Back in London and pushing off on my bike, cycling wet streets to work. The routine: lean my bike against the damp brickwork, unlocking the door, the way the key always sticks a little, electric heater on with an extra cardigan. There are rows of emails to answer and clients to catch up with.
But there is my godmother, Mary, sitting on the terrace above my studio, overlooking the river. The shape of the coffee cup, the printed colours on the cover of her book, the new cut of her hair. Later, we sit in the thin kitchen of my flat and talk about Crovie, and Edinburgh and families. One night we go to the theatre, shining light on the stage and us in the shuffled muffled darkness, excited seven year old girls in the toilets afterwards, singing the songs in the mirror. Mary notices helicopters in the sky, points them out and now I’ve been seeing them all week.
A quick cup of tea with a friend who has great news about her job, the scent of a girl’s perfume as I run past her, a lady ahead of me peeling a clementine and I catch the smell of the zest. Children jumping the cracks in the pavement, multi-coloured beads braided in their hair.
Thursday night with Phil, in a pub with mirrors on the ceiling that reflect the black and gold of drinkers beneath and Friday with the boys from Wire, boxed around a table with spilled people outside. The next night with Lauren, yellow wine held in scoops of glass and a stag do at the next table making us laugh.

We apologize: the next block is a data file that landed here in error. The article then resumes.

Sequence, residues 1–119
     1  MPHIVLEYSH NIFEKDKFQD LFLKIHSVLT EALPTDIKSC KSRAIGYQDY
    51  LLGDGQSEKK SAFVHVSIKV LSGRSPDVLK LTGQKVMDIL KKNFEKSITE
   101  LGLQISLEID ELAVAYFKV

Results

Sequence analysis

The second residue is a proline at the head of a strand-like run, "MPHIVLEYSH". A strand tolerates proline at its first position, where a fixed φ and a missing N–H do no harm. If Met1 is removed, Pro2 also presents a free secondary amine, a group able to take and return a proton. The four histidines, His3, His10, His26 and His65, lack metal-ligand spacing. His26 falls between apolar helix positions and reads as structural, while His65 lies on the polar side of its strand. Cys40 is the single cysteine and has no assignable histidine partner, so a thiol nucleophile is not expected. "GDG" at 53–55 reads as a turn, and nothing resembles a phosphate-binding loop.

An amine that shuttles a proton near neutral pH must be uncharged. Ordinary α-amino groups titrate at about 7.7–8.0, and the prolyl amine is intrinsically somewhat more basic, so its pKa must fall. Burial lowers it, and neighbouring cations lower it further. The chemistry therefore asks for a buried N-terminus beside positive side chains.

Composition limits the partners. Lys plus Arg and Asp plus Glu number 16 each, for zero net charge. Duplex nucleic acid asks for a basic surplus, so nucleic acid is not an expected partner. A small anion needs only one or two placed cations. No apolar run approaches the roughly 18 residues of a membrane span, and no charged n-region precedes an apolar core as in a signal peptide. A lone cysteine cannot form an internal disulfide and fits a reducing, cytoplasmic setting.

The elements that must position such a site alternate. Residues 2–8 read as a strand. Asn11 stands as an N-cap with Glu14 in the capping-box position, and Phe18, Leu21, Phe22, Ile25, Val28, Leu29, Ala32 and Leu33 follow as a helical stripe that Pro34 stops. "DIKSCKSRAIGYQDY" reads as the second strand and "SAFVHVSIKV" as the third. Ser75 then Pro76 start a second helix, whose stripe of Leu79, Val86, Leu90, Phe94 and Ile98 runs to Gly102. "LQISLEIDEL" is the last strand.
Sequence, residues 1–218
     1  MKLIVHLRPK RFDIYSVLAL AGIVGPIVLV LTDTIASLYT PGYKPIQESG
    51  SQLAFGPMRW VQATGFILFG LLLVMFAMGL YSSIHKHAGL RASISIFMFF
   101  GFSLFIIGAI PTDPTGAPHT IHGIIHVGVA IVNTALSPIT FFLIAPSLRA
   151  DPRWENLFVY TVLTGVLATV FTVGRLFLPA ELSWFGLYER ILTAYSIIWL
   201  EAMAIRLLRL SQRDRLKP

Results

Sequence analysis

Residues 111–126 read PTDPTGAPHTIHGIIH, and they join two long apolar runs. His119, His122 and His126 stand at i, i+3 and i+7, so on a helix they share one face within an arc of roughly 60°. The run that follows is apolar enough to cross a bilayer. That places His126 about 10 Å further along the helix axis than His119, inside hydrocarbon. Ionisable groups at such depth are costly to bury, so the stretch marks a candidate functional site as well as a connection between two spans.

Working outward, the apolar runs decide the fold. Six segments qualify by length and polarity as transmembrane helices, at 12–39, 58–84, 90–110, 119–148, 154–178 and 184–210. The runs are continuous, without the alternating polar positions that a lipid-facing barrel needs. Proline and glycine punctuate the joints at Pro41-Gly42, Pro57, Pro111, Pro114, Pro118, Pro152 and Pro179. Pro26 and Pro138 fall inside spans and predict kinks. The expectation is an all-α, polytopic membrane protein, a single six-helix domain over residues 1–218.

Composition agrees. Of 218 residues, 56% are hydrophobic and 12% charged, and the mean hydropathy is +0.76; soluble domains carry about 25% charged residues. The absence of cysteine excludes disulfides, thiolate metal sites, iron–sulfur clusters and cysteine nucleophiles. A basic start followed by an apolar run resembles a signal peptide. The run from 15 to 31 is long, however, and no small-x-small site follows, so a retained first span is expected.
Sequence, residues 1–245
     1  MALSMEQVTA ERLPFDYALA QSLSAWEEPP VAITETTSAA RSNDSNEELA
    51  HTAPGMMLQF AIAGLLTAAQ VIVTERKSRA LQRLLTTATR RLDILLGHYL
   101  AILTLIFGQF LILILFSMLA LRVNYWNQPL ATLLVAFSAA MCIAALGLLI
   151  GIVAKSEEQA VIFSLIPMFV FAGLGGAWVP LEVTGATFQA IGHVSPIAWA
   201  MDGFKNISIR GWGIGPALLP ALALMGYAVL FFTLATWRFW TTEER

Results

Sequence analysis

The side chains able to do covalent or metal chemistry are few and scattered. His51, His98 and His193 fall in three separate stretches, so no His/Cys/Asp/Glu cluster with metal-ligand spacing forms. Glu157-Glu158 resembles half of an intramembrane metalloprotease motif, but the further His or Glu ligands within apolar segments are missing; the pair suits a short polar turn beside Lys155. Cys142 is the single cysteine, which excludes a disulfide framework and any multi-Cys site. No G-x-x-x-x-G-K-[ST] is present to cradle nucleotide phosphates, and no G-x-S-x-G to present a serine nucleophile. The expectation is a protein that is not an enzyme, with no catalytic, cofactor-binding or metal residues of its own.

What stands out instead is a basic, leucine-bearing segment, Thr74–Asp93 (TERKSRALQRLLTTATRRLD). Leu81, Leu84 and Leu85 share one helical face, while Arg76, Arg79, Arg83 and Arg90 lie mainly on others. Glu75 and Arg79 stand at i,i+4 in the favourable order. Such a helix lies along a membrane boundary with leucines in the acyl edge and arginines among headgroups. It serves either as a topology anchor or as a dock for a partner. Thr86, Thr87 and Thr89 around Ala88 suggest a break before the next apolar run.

The man with blood on his face calls me a slut standing in the queue for the supermarket cashier. I turn and walk away from his shaking hands, his assortment of odd purchases, the unexplained anger in his grey eyes.
There is a new place in Whitechapel, opened next to the gallery. The door is propped open, a jag of sunlight on the step, black and white hexagons on the floor and the green tiles shining like pistachios. I have a faint headache above my eyebrows from rushing around in the morning – but I am looking forward to seeing my friend. Next to me are two tourists talking in German – he is the father and she the daughter – they have some cakes and she divides them into two so they can share, pushing the rest towards him with the back of her fork. I listen to the rise and fall of their voices. One girl on the next table is opening presents from her friend and there is the sound of an ambulance siren outside. Sitting with Sian a while on a Sunday afternoon, the shape of our cups, some nice things on side plates, talking about a friend.
Night time and P has won the football, we are at his friends’ house for tea and watch the light falling pink then blue then black on the city to the east.